Khan's comments, as mild as they were, excited an outraged reaction from at least one Fijian blogger. "Bloggers, well now you have Hassan Khan, the Director for Human Services openly advocating for the lawful sale of marijuana to provide extra revenue for Fiji!" warned a blogger known as "Free Fiji." "He should be ashamed of himself and resign! I ask Khan, apart from his short sighted revenue making, what will it cost the tax payers of Fiji in terms of social and cultural denigration? Khan would not even dare saying the same thing in India or Pakistan. I cannot help but suspect some sinister motive to decimate the Fijian race and this kind of open advocating of legalizing an illegal substance, which is illegal in most part of the world is truly shocking. I like to challenge you 'silent ones' do you continue to pretend all is okay in the heartland, where people in positions of responsibilities openly advocating the potential sale of marijuana or are you too stoned out of your head to think clearly?"

And so go the cannabis culture wars in the South Pacific.

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12. Weekly: This Week in History

October 14, 1970: President Nixon spearheads the Controlled Substances Act (CSA), legislation establishing today's "schedules" as a means of classifying drugs strictly by their medical value and potential for abuse. In practice the science drug scheduling has often yielded to drug war politics, however.

October 12, 1984: The Comprehensive Crime Control Act becomes law, establishing federal "mandatory minimum" sentencing guidelines eliminating judges' discretion when handing down prison terms. Over the next two years drug sentences increase by 71% nationwide.

October 15, 1986: Assistant Attorney General Mark Richard testifies before the Kerry Committee that he had attended a meeting with 20 to 25 officials and that the DEA did not want to provide any of the information the committee had requested on the involvement of US-backed Nicaraguan Contra rebels in drug trafficking.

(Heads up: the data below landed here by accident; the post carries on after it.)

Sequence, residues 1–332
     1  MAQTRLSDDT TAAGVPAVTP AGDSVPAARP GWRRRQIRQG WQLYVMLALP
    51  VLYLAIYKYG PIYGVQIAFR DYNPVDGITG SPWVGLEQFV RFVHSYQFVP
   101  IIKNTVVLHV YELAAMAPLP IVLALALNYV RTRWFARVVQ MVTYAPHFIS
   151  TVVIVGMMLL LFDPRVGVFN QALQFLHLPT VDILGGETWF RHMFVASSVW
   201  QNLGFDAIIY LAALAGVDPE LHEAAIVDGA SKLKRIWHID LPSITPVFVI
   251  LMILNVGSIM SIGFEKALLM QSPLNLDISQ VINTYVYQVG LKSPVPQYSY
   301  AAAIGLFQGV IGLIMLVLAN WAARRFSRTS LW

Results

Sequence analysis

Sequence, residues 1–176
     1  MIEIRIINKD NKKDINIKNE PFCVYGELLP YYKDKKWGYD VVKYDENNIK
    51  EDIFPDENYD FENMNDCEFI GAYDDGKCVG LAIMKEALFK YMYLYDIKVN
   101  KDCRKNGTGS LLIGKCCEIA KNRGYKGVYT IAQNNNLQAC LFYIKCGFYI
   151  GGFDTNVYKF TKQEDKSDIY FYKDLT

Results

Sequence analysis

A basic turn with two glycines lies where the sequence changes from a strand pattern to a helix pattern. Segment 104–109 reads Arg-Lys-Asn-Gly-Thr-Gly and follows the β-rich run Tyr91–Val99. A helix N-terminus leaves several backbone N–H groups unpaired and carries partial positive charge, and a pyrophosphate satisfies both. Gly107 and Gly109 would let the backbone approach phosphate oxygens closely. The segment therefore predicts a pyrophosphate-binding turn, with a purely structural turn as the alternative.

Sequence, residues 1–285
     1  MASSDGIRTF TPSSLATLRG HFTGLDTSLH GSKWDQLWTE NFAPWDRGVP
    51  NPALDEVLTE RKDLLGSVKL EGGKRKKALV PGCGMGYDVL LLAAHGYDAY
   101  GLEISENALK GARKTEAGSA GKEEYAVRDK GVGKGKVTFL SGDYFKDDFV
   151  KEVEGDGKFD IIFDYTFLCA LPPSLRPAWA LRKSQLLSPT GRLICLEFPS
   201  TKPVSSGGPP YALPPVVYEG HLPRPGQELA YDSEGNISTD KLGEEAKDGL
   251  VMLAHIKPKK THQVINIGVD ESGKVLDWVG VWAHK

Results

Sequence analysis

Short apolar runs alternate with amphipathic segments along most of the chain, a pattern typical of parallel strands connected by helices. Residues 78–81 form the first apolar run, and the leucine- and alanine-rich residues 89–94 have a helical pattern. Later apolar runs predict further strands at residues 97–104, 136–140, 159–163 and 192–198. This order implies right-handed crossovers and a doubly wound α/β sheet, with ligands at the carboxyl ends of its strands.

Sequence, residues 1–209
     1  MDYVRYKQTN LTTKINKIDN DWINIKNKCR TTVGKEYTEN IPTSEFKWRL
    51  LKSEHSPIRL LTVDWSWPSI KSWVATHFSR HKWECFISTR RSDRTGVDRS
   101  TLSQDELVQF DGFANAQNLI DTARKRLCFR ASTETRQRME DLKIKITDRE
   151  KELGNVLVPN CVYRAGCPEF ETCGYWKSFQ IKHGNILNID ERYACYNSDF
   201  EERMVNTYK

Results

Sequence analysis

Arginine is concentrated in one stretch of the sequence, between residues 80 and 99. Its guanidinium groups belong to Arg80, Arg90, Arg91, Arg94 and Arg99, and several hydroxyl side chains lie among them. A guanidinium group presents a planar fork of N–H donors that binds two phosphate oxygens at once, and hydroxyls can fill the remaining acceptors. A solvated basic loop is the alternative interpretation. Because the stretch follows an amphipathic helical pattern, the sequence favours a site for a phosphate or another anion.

October 13, 1999: In a series of raids named "Operation Millennium," law enforcement in Mexico, Colombia, and Ecuador arrest 31 persons for drug trafficking, including Colombian cartel leader Fabio Ochoa. Ochoa is indicted in a Ft. Lauderdale court for importing cocaine into the US, which requests his extradition in December 1999.

October 13, 1999: Governor of New Mexico Gary Johnson is quoted by the Boston Globe: "Make drugs a controlled substance like alcohol. Legalize it, control it, regulate it, tax it. If you legalize it, we might actually have a healthier society."

October 9, 2000: PBS begins a special two-day program entitled "Drug Wars." The series examines America's ceaseless efforts over the past three decades to stop the flow of illegal drugs into the country, and shows how the drug war wastes hundreds of billions of dollars, alters the criminal justice system, puts millions of people in jail, and allows organized crime to thrive.

October 10, 2002: Drug Czar John Walters travels to Las Vegas, Nevada and begins two days of making appearances around the state illegally lobbying against Question 9, a proposal to amend the state constitution by making the possession of three ounces or less of marijuana legal for adults. The measure is defeated at the polls the following month.

October 14, 2003: Supreme Court justices reject the Clinton administration's request, continued by the Bush administration, to consider whether the federal government can punish doctors for recommending or even discussing the use of marijuana for their patients. The decision by the High Court clears the way for state laws allowing ill patients to smoke marijuana if a doctor recommends it.

October 14, 2003: At Emory University Law School former President Jimmy Carter says, "All three of my boys smoked pot. I knew it. But I also knew if one was caught he would never go to prison. But if any of my [black] neighbors got caught, they would go to prison for ten, twelve years. No law school has had the temerity to look at what is fundamentally wrong with our legal system, which discriminates against the poor."

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13. Announcement: The 2009 International Drug Policy Reform Conference, Albuquerque, New Mexico, November 12-14

StoptheDrugWar.org (DRCNet) is pleased to be a partner in the upcoming 2009 International Drug Policy Reform Conference, this November 12-14 at the Hyatt Regency in Albuquerque, New Mexico.